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Big data: A method for obtaining large, phylogenomic data sets

Traditional molecular systematic studies have progressed by sequencing genes one by one, a time- and cost-intensive task that has limited the amount of data a researcher could feasibly obtain. With the continual improvement of next-generation sequencing technologies, however, obtaining large molecular data sets is becoming much easier, and much cheaper. This increase in data means, in many cases, increased accuracy in reconstructing the evolutionary history of organisms.

As phylogenetic studies advance to include progressively more sequence data, new techniques are being developed to obtain such data sets. While it would be ideal to simply sequence entire genomes, this is not yet feasible across large numbers of taxa. Instead, current methods are being developed that allow researchers to target specific genomic regions of interest for the organisms being studied.

Scientists at the University of Idaho and Oberlin College have developed one such method to obtain large, phylogenomic data sets. "This method utilizes long PCR, or long-range PCR, to strategically generate DNA templates for next-generation sequencing," explains Simon Uribe-Convers, graduate student and lead author. The protocol is available for free viewing in the January issue of Applications in Plant Sciences.

Long-range PCR is a method that allows for the amplification of much larger fragments of DNA than is possible with traditional PCRfragments larger than 40 kilobases have been reported in long PCR, versus fewer than 10 kilobases for traditional PCR. The authors of this study have developed a universal primer set across flowering plants that amplifies 315 kilobase fragments, which can then easily be sequenced using recently developed next-generation sequencing technologies. Uribe-Convers and colleagues tested this approach by amplifying chloroplast genomes for 30 species across flowering plants. Surprisingly, the primers were even found to successfully amplify chloroplast regions in several pine species. To further test the compatibility of this approach with next-generation sequencing, 15 complete chloroplast genomes (often referred to as plastomes) were then sequenced.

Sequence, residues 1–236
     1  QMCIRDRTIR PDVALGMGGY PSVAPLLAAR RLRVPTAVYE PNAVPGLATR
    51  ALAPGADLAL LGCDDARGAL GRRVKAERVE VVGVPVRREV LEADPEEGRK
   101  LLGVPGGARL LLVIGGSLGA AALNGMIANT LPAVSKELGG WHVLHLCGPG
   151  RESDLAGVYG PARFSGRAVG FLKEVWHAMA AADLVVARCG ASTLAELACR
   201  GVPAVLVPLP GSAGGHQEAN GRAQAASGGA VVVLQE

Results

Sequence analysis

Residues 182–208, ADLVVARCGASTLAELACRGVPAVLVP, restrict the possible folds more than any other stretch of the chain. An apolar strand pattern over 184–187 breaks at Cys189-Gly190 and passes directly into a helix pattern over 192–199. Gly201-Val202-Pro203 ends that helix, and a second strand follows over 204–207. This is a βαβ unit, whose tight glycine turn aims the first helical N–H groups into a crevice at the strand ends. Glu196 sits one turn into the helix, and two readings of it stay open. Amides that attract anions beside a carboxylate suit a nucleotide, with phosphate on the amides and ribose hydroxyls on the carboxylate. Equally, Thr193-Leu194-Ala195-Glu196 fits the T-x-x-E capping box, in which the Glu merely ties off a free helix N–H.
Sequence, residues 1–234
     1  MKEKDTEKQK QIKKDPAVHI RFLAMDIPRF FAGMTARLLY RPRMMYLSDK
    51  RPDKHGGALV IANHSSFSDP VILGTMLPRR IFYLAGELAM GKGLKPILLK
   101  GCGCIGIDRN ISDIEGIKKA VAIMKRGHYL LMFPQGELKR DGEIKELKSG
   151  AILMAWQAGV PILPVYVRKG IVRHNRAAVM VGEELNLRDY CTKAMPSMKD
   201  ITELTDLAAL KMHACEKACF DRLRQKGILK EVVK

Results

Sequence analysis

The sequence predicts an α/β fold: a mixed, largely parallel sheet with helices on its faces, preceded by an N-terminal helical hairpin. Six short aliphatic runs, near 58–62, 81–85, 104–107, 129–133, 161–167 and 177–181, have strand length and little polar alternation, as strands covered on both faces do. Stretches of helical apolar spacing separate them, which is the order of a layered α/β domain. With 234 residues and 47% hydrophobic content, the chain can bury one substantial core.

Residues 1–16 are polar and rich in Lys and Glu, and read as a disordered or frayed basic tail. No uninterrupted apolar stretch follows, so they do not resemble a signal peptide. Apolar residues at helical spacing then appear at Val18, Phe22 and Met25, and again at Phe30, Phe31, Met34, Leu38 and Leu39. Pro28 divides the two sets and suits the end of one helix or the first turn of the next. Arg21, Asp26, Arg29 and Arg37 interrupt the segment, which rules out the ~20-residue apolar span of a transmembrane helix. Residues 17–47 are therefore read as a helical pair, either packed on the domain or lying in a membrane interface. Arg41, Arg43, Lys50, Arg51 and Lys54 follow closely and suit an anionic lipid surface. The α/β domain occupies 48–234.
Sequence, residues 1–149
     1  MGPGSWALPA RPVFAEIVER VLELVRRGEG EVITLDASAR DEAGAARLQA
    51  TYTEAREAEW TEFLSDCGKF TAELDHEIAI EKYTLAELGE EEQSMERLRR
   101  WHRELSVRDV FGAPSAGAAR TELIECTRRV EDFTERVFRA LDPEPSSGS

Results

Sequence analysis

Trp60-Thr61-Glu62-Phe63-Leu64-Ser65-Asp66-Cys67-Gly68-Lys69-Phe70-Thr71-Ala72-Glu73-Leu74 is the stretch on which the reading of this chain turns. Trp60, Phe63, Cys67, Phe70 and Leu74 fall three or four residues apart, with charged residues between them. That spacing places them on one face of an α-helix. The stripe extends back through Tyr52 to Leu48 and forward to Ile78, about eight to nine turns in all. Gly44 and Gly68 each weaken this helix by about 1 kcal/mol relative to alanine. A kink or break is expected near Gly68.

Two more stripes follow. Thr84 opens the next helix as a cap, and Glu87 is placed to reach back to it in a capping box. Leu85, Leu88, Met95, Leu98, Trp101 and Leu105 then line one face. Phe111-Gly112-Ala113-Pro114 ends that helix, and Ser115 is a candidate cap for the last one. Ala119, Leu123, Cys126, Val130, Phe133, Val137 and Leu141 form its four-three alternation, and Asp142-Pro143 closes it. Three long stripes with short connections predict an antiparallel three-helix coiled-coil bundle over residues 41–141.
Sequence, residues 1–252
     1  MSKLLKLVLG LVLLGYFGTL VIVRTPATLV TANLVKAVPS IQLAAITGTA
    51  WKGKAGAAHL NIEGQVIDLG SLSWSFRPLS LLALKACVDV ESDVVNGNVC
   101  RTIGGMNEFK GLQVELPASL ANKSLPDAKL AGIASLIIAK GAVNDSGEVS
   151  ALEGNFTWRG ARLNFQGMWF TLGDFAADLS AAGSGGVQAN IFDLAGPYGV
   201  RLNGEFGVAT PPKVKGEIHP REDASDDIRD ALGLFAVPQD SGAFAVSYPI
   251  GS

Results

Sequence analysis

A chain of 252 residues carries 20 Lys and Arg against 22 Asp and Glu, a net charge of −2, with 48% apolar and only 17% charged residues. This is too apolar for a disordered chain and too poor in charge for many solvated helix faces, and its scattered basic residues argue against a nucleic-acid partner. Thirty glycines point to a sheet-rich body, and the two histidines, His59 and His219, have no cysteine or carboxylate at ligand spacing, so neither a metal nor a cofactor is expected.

Although this study focused on plastomes and utilized the popular Illumina sequencing platform, Uribe-Convers explains, "[t]his can easily be expanded to mitochondrial and nuclear regions, and can be used in combination with any next-generation sequencing platform. Furthermore, this approach is not restricted to plant studies, but will be useful for any organism."

With the development of new methods such as the one described by Uribe-Convers and colleagues, scientists can obtain large, phylogenomic data sets for large numbers of taxa. Long-range PCR, in concert with next-generation sequencing, provides researchers with the means to sequence entire plastomes, mitochondrial genomes, and large portions of the nuclear genome.

"This method has important implications for the way future systematic studies are conducted as it provides researchers with a way to strategically target regions of interest in their study organism, such as single-copy regions of the nuclear genome or portions of organellar genomes, to produce large data sets at low costs," says Uribe-Convers. "We want to help move the field of systematics into the realm of big data, and we hope that our approach contributes to that."

Contact: Beth Parada
American Journal of Botany

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